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Question DetailsAsked on 9/4/2015

How much should it cost to add an electrical grounding wire to a 1950's era house?

Assuming that the interior wiring, outlets, and breaker box are in good condition, how much work and money does it take to ground the entire house to earth?

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4 Answers

Voted Best Answer
1
Vote

Depending on what issues you are addressing, you may not need to ground your house.

If you use only 2-prong applicanes then you wont' need grounded receptacles.


Grounding costs

1. Sink ground 2 ground rods and wire into main panel. $250 - $500

Cost depends on whether grade near service panel is dirt or asphalt or concrete.

If asphalt or concrete, then add ashpalt or concrete repair. Many jurisdictions require 2 rods wired together so you have to trench between the 2 rods.

What this accomplishes for you.

1. You can connect a lightning rod(s) to to these ground rods.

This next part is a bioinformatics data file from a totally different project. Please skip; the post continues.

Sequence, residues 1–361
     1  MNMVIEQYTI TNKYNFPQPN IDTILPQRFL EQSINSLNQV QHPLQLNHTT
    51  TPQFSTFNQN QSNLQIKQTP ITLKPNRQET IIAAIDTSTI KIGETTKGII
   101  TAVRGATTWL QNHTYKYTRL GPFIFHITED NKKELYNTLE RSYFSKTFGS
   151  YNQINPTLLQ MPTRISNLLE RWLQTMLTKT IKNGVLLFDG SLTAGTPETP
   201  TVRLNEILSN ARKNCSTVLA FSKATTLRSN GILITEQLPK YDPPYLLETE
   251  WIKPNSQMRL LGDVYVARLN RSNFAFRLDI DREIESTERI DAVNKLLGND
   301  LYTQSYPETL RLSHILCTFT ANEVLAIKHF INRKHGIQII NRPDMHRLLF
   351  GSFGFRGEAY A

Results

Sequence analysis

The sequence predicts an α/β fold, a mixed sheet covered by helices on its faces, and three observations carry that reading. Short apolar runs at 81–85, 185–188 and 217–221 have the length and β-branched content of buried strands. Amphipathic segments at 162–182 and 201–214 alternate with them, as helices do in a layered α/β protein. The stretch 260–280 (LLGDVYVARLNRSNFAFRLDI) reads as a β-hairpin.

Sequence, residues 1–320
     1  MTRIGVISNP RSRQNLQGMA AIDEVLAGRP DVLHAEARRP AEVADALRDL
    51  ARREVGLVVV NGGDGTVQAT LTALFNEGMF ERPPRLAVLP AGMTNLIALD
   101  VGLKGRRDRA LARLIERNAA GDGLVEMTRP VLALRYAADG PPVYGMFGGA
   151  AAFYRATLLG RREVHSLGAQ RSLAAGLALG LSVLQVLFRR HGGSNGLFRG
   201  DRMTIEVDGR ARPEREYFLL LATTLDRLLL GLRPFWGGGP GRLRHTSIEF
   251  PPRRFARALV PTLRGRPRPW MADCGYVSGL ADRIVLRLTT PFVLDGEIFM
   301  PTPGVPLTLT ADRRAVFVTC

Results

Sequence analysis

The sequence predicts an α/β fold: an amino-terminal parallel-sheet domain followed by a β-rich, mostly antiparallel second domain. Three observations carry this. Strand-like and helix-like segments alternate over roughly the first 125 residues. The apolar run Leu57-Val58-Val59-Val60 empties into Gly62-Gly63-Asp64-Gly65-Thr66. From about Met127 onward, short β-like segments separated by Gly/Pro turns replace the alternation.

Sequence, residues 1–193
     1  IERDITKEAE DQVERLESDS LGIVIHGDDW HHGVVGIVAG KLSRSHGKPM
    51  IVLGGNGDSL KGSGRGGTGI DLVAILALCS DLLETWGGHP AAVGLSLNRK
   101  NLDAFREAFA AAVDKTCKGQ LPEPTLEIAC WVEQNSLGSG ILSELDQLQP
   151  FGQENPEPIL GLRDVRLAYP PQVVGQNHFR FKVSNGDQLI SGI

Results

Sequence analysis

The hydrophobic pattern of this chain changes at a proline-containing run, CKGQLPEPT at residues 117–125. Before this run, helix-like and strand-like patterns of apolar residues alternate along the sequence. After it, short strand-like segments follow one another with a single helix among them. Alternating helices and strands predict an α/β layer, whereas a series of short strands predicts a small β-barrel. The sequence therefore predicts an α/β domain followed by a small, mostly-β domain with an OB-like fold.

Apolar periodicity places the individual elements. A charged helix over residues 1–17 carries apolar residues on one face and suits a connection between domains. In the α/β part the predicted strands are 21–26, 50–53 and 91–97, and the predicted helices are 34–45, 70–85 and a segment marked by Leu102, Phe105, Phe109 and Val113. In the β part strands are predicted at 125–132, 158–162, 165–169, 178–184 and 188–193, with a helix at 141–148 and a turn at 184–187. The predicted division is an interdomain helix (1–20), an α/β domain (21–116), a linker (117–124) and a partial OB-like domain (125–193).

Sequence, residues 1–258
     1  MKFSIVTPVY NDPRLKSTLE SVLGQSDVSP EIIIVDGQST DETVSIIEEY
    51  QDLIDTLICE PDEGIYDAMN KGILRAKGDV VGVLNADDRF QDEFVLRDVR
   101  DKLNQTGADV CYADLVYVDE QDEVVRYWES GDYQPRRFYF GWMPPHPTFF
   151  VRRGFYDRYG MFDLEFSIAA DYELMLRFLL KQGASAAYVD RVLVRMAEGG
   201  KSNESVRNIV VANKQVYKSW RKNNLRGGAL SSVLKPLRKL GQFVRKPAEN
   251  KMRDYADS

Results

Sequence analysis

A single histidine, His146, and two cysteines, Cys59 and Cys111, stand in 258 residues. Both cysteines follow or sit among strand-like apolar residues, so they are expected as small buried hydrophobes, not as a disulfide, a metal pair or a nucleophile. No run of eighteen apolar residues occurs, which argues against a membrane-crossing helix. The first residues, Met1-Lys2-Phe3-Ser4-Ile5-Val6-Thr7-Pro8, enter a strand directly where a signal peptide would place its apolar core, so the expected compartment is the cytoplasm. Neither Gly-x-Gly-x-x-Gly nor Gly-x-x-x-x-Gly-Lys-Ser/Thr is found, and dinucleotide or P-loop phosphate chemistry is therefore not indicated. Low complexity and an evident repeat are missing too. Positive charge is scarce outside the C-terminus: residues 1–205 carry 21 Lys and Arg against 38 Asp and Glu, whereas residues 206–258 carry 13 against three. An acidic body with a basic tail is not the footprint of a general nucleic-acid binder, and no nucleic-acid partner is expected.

2. The ground rods help to establish a consistant voltage to ground for the utility company.

3. The ground rods allow you to rewire the house with grounded cable.


2. Rewire house with grounded cable.

First, you need to sink 2 ground rods as mentioned above.

Electricians cost will be $6,000 - $12,000 for a 3 bed, 2-bath 1 story house.

The electrician will need access to all outlets so furniture will have to be moved

There will be extensive wall and ceiling repair required from a drywall contractor.

It will be dusty.

You will need to paint.


Source: http:kestrelelectric.com

Answered 2 years ago by Kestrel Electric

1
Vote

Good comments by Kestrel as usual. A couple of additional thoughts and one clarification on what he said: